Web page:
The mushroom cultivator. A practical guide to growing mushrooms at home

Paul Stamets. The mushroom cultivator. A practical guide to growing mushrooms at home. - Agarikon press, 1983

Содержание

FOREWORD by Dr. Andrew Weil

PREFACE

I. INTRODUCTION TO MUSHROOM CULTURE

II. STERILE TECHNIQUE AND AGAR CULTURE

III. GRAIN CULTURE

IV. THE MUSHROOM GROWING ROOM

V. COMPOST PREPARATION

VI. NON-COMPOSTED SUBSTRATES

VII. SPAWNING AND SPAWN RUNNING IN BULK SUBSTRATES

VIII. THE CASING LAYER

IX. STRATEGIES FOR MUSHROOM FORMATION (PINHEAD INITIATION)

X. ENVIRONMENTAL FACTORS: SUSTAINING THE MUSHROOM CROP

XL GROWING PARAMETERS FOR VARIOUS MUSHROOM SPECIES

XII. CULTIVATION PROBLEMS AND THEIR SOLUTIONS: A TROUBLESHOOTING GUIDE

XIII. THE CONTAMINANTS OF MUSHROOM CULTURE: IDENTIFICATION AND CONTROL

XIV. THE PESTS OF MUSHROOM CULTURE

XV. MUSHROOM GENETICS

APPENDICES

GLOSSARY

BIBLIOGRAPHY

INDEX

PHOTOGRAPHY AND ILLUSTRATION CREDITS

ACKNOWLEDGEMENTS

OCR
Sterile Technique and Agar Culture/37

STOCK CULTURES: METHODS FOR
PRESERVING MUSHROOM STRAINS
Once a pure strain has been created and isolated, saving it in the form of a "stock culture" is
wise. Stock cultures—or "slants" as they are commonly called—are media filled glass test tubes
which are sterilized and then inoculated with mushroom mycelium. A suitable size for a culture tube
is 20 mm. x 1 00 mm. with a screw cap. Every experienced cultivator maintains a collection of stock
cultures, known as a "species bank". The species bank is an integral part of the cultivation process.
With it, a cultivator may preserve strains for years.
To prepare slants, first mix any of the agar media formulas discussed earlier in this chapter. Fill
test tubes one third of the way, plug with cotton and cover with aluminum foil or simply screw on the
cap if the tubes are of this type. Sterilize in a pressure cooker for 30 minutes at 1 5 psi. Allow the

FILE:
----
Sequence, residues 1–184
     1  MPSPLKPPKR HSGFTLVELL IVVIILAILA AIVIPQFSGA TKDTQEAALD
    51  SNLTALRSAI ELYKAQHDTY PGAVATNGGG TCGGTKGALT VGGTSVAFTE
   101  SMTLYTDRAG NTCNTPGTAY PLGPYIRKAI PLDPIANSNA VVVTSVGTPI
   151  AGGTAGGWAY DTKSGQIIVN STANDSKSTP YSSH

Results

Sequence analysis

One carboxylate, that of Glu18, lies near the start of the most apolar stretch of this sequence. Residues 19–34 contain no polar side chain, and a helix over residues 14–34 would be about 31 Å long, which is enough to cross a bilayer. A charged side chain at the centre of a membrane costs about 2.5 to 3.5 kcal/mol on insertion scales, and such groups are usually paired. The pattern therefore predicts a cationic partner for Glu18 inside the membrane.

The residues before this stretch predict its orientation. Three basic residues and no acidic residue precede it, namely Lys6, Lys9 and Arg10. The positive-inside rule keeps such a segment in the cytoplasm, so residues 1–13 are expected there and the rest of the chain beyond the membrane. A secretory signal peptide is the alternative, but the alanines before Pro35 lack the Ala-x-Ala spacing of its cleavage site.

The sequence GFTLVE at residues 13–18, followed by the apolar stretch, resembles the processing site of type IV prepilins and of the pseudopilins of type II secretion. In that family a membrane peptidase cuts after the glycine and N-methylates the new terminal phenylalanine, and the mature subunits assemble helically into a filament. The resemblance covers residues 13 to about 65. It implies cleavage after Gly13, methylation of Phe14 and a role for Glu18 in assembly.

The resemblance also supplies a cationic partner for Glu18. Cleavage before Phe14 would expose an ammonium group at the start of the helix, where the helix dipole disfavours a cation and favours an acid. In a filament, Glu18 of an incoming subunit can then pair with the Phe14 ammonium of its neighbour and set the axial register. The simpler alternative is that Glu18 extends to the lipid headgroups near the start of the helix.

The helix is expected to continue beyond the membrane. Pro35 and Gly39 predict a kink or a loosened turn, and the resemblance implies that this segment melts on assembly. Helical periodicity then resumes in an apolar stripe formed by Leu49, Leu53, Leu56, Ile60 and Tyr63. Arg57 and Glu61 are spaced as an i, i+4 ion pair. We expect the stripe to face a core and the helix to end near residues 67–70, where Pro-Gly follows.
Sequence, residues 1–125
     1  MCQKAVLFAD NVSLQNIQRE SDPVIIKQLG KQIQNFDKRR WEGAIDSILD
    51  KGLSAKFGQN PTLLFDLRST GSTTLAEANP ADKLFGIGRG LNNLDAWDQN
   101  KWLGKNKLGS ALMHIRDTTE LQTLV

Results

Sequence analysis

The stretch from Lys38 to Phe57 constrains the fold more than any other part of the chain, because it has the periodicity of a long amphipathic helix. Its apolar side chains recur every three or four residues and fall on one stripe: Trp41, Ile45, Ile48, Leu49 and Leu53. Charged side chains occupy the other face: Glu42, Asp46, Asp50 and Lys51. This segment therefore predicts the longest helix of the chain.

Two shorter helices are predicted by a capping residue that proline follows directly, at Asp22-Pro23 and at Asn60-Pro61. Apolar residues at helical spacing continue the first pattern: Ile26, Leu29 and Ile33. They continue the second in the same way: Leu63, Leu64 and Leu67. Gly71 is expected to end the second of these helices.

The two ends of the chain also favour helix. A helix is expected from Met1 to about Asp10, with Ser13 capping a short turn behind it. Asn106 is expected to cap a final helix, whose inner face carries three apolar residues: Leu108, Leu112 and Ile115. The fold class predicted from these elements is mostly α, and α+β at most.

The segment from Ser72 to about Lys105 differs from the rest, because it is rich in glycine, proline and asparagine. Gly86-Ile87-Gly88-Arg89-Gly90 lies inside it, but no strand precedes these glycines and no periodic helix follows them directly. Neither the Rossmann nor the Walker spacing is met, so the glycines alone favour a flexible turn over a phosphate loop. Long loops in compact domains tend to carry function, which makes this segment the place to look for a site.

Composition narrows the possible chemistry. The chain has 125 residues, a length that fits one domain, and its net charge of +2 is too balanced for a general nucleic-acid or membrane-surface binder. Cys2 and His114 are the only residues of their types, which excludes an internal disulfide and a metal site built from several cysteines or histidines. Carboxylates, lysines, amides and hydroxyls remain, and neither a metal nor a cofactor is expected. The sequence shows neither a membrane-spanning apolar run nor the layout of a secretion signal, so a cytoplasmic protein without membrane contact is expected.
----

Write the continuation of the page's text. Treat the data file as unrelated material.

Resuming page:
cooker to return to atmospheric pressure and then take it into the sterile room before opening. Remove the slants, gently shake them to distribute the liquified media and lay them at a 1 5-30 degree
angle to cool and solidify.
When ready, inoculate the slants with a fragment of mushroom mycelium. Label each tube
with the date, type of agar, species and strain. Make at least three slants per strain to insure against
loss. Incubate for one week at 750 F. (24° C.). Once the mycelia has covered a major portion of
the agar's surface and appears to be free of contamination, store at 35-40 0 F. (2.40 C.). At these
temperatures, the metabolic activity of most mycelia is lowered to a level where growth and nutrient
absorbtion virtually stops. Ideally one should check the vitality of stored cultures every six months by

removing fragments of mycelium and inoculating more petri dishes. Once the mycelium has
colonized two-thirds of the media dish, select for strandy growth (rhizomorphism) and reinoculate
more slants. Label and store until needed. Often, growing out minicultures is a good way to check a
stored strain's vitality and fruiting ability.
An excellent method to save cultures is by the buddy system: passing duplicates of each
species or of strains to a cultivator friend. Mushroom strains are more easily lost than one might ex-

pect. Once lost, they may never be recovered.
In most cases, the method described above safely preserves cultures. Avid cultivators, however,
can easily acquire fifty to a hundred strains and having to regularly revitalize them becomes tedious
and time consuming. When a library of cultures has expanded to this point, there are several additional measures that further extend the life span of stock cultures.
A simple method for preserving cultures over long periods of time calls for the application of a
thin layer of sterile mineral oil over the live mycelium once it has been established in a test tube. The
mineral oil is non-toxic to the mycelium, greatly reduces the mycelium's metabolism and inhibits
water evaporation from the agar base. The culture is then stored at 37-41 ° F. until needed. In a re-

cent study (Perrin, 1 979), all of the 30 wood inhabiting species stored under mineral oil for 27
years produced a viable culture. To reactivate the strains, slants were first inverted upside down so
the oil would drain off and then incubated at 77 ° F. Within three weeks each slant showed renewed
signs of growth and when subcultured onto agar plates they yielded uncontaminated cultures.

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